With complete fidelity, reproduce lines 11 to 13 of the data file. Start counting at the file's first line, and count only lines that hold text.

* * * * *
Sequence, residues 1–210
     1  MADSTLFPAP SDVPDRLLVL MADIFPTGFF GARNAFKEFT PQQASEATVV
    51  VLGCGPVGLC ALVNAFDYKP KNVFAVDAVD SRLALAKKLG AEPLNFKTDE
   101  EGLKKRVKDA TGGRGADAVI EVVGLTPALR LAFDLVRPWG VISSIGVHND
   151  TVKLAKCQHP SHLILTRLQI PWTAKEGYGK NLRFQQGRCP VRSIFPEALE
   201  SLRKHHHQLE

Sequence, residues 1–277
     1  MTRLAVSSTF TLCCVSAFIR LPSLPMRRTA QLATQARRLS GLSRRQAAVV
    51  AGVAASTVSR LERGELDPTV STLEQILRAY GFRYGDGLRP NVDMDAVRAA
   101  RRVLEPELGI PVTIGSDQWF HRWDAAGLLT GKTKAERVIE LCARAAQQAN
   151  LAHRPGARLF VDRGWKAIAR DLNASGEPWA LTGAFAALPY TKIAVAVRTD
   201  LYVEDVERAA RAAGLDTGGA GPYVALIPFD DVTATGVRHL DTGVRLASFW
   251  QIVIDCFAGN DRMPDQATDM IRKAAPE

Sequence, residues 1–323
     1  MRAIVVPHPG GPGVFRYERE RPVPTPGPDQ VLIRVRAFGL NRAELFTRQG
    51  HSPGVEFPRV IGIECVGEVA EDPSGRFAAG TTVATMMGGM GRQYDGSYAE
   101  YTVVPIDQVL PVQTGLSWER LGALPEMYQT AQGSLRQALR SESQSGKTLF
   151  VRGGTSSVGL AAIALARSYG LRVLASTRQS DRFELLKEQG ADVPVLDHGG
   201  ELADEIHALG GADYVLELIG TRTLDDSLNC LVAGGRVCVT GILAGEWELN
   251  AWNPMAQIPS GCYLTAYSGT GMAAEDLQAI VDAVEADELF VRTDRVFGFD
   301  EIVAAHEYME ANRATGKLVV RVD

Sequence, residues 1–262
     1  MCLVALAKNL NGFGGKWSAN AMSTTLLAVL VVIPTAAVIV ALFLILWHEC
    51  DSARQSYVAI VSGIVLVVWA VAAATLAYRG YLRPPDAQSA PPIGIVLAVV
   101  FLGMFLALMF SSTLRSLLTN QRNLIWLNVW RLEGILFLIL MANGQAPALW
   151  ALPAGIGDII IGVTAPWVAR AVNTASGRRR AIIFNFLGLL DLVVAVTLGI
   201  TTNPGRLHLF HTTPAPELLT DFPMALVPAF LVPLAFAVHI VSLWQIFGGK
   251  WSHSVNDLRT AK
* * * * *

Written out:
   151  LAHRPGARLF VDRGWKAIAR DLNASGEPWA LTGAFAALPY TKIAVAVRTD
   201  LYVEDVERAA RAAGLDTGGA GPYVALIPFD DVTATGVRHL DTGVRLASFW
   251  QIVIDCFAGN DRMPDQATDM IRKAAPE